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Promoting Excellence In Psychological Health & Wellbeing

A day in the life with Hannah Jell, Higher Level Assistant Psychologist

01 Feb 22

Birmingham Community Healthcare NHS Foundation Trust

Hi Hannah, can you tell us a bit about yourself?

My name is Hannah Jell. I am a Senior Assistant Psychologist in a Learning Disability Community Forensic Team. Since graduating, I have worked in a number of jobs supporting people. Prior to my current role, I have worked as a drug and alcohol worker in a Magistrates Court and community centre (10 months), a support worker in a women’s centre working in partnership an NHS psychology trauma service (17 months) and an assistant psychologist in a secure mental health hospital (2 years).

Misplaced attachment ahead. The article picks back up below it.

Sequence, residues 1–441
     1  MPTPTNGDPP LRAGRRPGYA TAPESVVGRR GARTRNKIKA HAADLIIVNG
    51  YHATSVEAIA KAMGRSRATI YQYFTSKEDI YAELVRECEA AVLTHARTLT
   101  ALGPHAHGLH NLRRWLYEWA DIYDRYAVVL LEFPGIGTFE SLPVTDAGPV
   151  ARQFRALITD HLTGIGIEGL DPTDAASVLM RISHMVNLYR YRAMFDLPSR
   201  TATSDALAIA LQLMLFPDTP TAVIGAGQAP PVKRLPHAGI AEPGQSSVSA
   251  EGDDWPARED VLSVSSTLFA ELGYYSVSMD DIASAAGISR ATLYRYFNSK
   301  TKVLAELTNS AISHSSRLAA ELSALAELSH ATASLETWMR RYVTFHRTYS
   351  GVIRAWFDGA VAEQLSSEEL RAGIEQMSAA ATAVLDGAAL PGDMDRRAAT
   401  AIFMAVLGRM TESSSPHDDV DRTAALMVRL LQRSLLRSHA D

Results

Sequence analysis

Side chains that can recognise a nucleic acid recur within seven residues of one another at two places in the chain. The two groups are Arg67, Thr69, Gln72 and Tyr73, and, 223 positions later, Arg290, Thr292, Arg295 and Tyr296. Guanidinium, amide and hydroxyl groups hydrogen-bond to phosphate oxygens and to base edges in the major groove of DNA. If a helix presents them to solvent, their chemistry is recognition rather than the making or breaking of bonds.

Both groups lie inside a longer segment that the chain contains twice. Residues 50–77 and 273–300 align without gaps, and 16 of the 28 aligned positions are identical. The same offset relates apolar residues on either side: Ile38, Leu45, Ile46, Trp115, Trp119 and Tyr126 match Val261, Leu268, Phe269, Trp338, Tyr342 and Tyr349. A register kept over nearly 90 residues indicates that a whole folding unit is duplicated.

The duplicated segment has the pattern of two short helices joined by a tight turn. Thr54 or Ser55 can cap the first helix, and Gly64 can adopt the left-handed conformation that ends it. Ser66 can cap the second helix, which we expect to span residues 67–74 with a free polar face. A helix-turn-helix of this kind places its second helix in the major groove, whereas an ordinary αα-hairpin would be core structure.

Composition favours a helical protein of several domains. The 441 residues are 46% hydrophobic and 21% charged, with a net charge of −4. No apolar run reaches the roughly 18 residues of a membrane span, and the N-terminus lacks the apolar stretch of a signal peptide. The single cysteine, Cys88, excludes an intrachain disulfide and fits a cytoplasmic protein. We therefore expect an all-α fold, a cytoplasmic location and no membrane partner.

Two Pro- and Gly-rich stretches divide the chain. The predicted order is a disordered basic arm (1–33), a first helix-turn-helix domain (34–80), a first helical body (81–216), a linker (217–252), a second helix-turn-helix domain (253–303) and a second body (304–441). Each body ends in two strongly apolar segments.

Thanks Hannah- What does a typical day look like for you?

No day is the same in my area of work. My role is split so that approximately 50% of the time I am completing work to support service users, and 50% of time I am completing project work for the team.

Project work could include research and audit work such as: audits of our annual team outcomes, completing a survey with our service users or 3rd party care providers to gather anonymous feedback for the service, or auditing the quality of the Positive Behaviour Support (PBS) plans that the team produce for our service users.